From the bestselling author of "The Knowledge Web" come fifty mesmerizing journeys into the history of technology, each following a chain of consequential events that ends precisely where it began. Whether exploring electromagnetic fields, the origin of hot chocolate, or DNA fingerprinting, these essays -- which originally appeared in James Burke's popular "Scientific American" column -- all illustrate the serendipitous and surprisingly circular nature of change. In "Room with (Half) a View," for instance, Burke muses about the partly obscured railway bridge outside his home on the Thames. Thinking of the bridge engineer, who also built the steamship that laid the first transatlantic telegraph cable, causes him to recall Samuel Morse; which, in turn, conjures up Morse's neighbor, firearms inventor Sam Colt, and his rival, Remington. One dizzying connection after another leads to Karl Marx's daughter, who attended Socialist meetings with a trombonist named Gustav Holst, who once lived in the very house that blocks Burke's view of the bridge on the Thames. Burke's essays all evolve in this organic manner, highlighting the interconnectedness of seemingly unrelated events and innovations. Romantic poetry leads to brandy distillation; tonic water connects through Leibniz to the first explorers to reach the North Pole. Witty, instructive, and endlessly entertaining, Circles expands on the trademark style that has captivated James Burke fans for years. This unique collection is sure to stimulate and delight history buffs, technophiles, and anyone else with a healthy intellectual curiosity.
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Unlike Perry Mason, James Burke does not try to assemble watertight (if convoluted) cases. His essays in the history of technology are more like random walks, paeans to serendipity. In The Knowledge Web Burke attempted to duplicate on paper the feeling of inter- and cross-linking trends that you find in history and on the World Wide Web. The essays in Circles are more artificially restricted, topological circles that wrap around. A typical trip goes from the Space Shuttle to Skylab to Werner von Braun to feedback to digestion to lab animals to the Humane Society to sea rescues to charting sea currents to Foucault to astronomical photography to the solar corona to Skylab. Whew!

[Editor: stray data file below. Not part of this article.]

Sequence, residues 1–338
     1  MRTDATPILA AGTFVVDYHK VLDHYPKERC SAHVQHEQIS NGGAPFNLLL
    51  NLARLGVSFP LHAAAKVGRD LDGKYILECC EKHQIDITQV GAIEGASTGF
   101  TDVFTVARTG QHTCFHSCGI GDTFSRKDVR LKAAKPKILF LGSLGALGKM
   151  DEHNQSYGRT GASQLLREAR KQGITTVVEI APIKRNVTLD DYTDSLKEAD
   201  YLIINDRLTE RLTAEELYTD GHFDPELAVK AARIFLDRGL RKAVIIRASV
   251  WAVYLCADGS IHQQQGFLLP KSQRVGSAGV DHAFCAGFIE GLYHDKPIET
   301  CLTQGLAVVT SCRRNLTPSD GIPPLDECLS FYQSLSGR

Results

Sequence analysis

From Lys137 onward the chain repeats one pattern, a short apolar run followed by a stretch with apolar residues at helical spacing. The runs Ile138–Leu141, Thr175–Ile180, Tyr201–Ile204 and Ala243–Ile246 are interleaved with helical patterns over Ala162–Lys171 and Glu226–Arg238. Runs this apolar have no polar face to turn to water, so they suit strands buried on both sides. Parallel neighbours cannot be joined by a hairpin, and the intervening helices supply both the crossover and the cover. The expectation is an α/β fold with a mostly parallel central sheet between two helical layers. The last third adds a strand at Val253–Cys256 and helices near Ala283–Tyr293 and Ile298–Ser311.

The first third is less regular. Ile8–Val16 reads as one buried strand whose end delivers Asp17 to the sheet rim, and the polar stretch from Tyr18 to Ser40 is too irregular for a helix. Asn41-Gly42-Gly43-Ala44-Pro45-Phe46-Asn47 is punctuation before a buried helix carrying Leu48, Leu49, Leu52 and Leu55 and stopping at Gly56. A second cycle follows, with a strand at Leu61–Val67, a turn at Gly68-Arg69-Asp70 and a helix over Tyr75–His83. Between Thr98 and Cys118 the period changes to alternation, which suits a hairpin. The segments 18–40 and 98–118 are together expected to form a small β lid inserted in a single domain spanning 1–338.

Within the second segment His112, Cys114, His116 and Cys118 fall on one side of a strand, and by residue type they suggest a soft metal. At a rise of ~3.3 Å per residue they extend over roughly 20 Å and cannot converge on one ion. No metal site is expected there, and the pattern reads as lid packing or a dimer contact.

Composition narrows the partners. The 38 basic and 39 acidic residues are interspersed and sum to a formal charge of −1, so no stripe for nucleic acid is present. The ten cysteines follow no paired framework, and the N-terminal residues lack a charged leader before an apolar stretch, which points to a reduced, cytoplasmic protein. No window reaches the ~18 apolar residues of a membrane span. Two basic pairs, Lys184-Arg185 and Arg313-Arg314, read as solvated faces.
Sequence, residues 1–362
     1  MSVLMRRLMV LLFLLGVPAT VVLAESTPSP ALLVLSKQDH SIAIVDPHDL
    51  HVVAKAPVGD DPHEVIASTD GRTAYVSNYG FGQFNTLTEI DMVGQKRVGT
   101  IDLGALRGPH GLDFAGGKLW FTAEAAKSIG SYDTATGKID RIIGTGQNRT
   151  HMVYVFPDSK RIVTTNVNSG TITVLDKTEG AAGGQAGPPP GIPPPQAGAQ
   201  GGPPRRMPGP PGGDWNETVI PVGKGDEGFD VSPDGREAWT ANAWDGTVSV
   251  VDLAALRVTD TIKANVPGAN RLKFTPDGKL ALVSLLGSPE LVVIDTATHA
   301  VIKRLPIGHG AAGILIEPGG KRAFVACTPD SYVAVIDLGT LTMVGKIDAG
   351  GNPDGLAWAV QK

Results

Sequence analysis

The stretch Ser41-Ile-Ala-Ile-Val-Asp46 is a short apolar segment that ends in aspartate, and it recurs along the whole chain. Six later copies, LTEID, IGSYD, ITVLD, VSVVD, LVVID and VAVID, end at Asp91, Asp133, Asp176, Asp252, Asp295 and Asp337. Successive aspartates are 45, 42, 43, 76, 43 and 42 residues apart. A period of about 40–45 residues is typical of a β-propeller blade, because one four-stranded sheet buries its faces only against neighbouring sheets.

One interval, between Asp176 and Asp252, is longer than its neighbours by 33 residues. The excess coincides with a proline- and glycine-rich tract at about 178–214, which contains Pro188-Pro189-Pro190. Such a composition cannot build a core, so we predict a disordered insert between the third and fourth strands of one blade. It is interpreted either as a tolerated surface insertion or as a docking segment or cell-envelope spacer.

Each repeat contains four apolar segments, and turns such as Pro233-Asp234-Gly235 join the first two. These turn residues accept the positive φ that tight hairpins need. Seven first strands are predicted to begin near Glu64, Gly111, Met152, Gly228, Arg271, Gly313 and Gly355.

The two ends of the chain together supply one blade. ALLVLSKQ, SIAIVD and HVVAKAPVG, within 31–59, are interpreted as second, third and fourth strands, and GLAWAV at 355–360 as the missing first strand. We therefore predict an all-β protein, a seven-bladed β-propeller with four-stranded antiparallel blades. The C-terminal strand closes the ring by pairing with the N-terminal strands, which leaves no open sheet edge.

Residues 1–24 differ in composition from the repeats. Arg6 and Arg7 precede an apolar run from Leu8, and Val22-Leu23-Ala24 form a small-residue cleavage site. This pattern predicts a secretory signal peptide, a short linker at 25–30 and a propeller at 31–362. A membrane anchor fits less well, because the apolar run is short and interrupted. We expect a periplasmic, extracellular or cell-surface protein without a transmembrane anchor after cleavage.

"There are two reasons why I make such play of the unstructured nature of history, but then, in this book, give it a formal shape," Burke says. "One reason is that otherwise these essays would have mirrored the serendipity I described, just going from anywhere to anywhere.... Choosing to go round in circles, and to end each story where it begins, lets me illustrate perhaps the most intriguing aspect of serendipity at work, which shows itself in the way in which history generates the most extraordinary coincidences." He might have added that trying to guess how Burke proposes to connect all this up makes these tales a game for reader as well as writer, a most educational amusement. --Mary Ellen CurtinAbout the Author :
James Burke's books include the bestselling Connections, The Pinball Effect, The Day the Universe Changed, and The Knowledge Web. He contributes a monthly column to Scientific American and serves as director, writer, and host of the television series Connections 3, which airs on the Learning Channel. He lives in London, England.
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Description du livre Simon & Schuster, 2000. Hardcover. État : New. Dusan Petricic (illustrateur). book. N° de réf. du libraire M074320008X
Description du livre Simon & Schuster, 2000. Hardcover. État : New. Never used!. N° de réf. du libraire P11074320008X
Description du livre Simon & Schuster. Hardcover. État : New. 074320008X New Condition. N° de réf. du libraire NEW7.0884340